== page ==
SVG Analysis: Apple Boot Camp

The Apple vs. Microsoft battle today entered a new level of d tente
when Apple introduced the beta version of its Boot Camp software,
letting users of Intel-based Mac computers to run the Windows XP
operating system.

Available as a download beginning today, Boot Camp lets users with a Microsoft Windows XP installation disc to install Windows XP on an Intel-based Mac. Once installation is complete, users can restart their computer to run either Mac OS X or Windows XP. Boot Camp will also be a feature in “Leopard,” Apple’s next major release of Mac OS X, that will be previewed at Apple’s Worldwide Developer Conference in August.

What s the SVG take? The move by Apple is about one thing and one thing only: selling more hardware. Users who love Mac hardware, can choose their OS and run both (although not simultaneously) while users who love Windows can now explore the Mac hardware platform and still run their windows programs.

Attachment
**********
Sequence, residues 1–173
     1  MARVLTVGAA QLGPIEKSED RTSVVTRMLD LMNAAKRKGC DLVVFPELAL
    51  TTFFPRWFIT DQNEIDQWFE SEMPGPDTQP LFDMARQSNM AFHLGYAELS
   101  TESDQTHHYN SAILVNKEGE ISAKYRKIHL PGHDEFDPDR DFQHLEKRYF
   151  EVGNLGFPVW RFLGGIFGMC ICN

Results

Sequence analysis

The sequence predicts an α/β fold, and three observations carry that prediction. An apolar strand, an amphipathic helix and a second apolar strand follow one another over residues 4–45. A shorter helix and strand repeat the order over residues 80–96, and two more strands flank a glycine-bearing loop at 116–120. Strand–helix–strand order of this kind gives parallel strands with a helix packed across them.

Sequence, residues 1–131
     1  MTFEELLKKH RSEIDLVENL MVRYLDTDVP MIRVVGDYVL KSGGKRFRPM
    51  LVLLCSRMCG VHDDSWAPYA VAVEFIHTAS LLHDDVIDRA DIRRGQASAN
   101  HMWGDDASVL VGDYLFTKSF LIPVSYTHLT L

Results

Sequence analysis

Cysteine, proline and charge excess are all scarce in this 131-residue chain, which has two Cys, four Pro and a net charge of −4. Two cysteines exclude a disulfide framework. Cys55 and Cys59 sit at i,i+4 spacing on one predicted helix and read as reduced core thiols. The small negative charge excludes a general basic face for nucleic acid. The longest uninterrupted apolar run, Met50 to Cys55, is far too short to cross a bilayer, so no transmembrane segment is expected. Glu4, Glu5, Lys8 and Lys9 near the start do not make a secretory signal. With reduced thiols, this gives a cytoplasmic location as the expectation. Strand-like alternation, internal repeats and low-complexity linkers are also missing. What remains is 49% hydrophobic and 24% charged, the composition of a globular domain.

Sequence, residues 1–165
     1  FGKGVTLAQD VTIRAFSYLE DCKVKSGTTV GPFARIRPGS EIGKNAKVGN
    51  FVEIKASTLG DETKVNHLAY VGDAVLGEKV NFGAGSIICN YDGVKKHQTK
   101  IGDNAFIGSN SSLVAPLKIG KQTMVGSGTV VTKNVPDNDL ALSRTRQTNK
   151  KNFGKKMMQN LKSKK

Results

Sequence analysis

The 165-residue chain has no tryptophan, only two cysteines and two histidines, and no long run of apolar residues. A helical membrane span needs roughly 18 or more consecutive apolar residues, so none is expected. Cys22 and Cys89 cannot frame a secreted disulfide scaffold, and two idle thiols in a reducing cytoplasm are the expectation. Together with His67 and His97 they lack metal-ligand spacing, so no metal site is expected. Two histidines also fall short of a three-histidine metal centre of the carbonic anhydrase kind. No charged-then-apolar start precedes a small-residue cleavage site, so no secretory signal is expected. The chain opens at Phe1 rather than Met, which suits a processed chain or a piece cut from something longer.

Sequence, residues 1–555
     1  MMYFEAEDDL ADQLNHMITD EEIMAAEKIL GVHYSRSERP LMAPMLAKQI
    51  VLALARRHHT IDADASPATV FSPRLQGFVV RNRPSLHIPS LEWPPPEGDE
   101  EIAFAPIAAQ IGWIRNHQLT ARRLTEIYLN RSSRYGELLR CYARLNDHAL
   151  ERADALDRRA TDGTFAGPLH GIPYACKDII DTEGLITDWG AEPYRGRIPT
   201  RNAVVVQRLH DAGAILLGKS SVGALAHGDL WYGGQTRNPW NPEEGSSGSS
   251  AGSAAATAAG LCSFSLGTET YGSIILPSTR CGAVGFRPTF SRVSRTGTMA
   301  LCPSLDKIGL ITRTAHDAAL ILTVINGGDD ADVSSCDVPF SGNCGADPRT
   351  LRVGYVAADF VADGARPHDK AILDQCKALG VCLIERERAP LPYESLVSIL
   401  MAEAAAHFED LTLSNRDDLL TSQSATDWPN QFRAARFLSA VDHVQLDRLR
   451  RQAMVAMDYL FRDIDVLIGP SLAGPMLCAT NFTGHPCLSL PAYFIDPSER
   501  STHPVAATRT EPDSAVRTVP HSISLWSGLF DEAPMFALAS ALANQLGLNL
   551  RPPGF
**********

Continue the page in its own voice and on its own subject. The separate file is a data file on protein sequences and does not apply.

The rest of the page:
As a result, the move is a win-win for Apple because they can sell more hardware without making Mac fans feel the company is selling out. In addition, Apple won t be selling Windows OS.

“Apple has no desire or plan to sell or support Windows, but many customers have expressed their interest to run Windows on Apple’s superior hardware now that we use Intel processors,” said Philip Schiller, Apple’s senior vice president of Worldwide Product Marketing in a press statement. “We think Boot Camp makes the Mac even more appealing to Windows users considering making the switch.”

It also could help convert PC users to Mac users by letting Windows sample the variety of applications under Mac OS X, the Mac operating system. The Apple suite of products is very well integrated and there are practical, useful applications like IiMovie, that could be a hit to PC users used to complicated menus and file structures.

In the end, it s the user, whether professional or consumer, who wins as they get more hardware and software choices. More importantly for Apple, the Intel-based systems jump to the top of the computer rankings in terms of flexibility and openness.

Those interested in Boot Camp will need an Intel-based Mac with a USB keyboard and mouse, or a built-in keyboard and TrackPad; Mac OS X version 10.4.6 or later; the latest firmware update; at least 10GB of free space on the startup disk; a blank recordable CD or DVD; and single-disc version of Windows XP Home Edition or Professional with Service Pack 2 or later.

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